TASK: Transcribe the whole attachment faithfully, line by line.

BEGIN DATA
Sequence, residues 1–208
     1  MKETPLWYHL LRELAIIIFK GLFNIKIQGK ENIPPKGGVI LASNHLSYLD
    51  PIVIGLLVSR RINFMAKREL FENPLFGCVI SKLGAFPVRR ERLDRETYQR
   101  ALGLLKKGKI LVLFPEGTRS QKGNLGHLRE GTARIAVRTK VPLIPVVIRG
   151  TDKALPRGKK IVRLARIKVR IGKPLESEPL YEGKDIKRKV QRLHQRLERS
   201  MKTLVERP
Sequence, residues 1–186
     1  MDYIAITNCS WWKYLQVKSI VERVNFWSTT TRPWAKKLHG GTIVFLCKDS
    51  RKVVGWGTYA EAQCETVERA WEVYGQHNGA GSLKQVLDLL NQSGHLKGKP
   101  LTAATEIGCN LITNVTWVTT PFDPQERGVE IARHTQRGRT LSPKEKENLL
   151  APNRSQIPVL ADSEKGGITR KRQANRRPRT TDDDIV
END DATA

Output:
Sequence, residues 1–208
     1  MKETPLWYHL LRELAIIIFK GLFNIKIQGK ENIPPKGGVI LASNHLSYLD
    51  PIVIGLLVSR RINFMAKREL FENPLFGCVI SKLGAFPVRR ERLDRETYQR
   101  ALGLLKKGKI LVLFPEGTRS QKGNLGHLRE GTARIAVRTK VPLIPVVIRG
   151  TDKALPRGKK IVRLARIKVR IGKPLESEPL YEGKDIKRKV QRLHQRLERS
   201  MKTLVERP
Sequence, residues 1–186
     1  MDYIAITNCS WWKYLQVKSI VERVNFWSTT TRPWAKKLHG GTIVFLCKDS
    51  RKVVGWGTYA EAQCETVERA WEVYGQHNGA GSLKQVLDLL NQSGHLKGKP
   101  LTAATEIGCN LITNVTWVTT PFDPQERGVE IARHTQRGRT LSPKEKENLL
   151  APNRSQIPVL ADSEKGGITR KRQANRRPRT TDDDIV